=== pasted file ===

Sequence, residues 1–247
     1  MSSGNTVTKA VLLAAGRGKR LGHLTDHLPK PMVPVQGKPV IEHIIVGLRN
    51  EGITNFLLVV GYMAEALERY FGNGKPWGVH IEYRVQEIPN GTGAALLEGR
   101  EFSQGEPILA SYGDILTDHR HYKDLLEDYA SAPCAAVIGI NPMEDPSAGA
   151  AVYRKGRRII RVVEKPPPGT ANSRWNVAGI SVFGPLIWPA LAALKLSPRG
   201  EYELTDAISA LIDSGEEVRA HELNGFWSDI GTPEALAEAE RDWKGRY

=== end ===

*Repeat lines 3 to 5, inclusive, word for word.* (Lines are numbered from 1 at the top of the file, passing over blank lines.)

    51  EGITNFLLVV GYMAEALERY FGNGKPWGVH IEYRVQEIPN GTGAALLEGR
   101  EFSQGEPILA SYGDILTDHR HYKDLLEDYA SAPCAAVIGI NPMEDPSAGA
   151  AVYRKGRRII RVVEKPPPGT ANSRWNVAGI SVFGPLIWPA LAALKLSPRG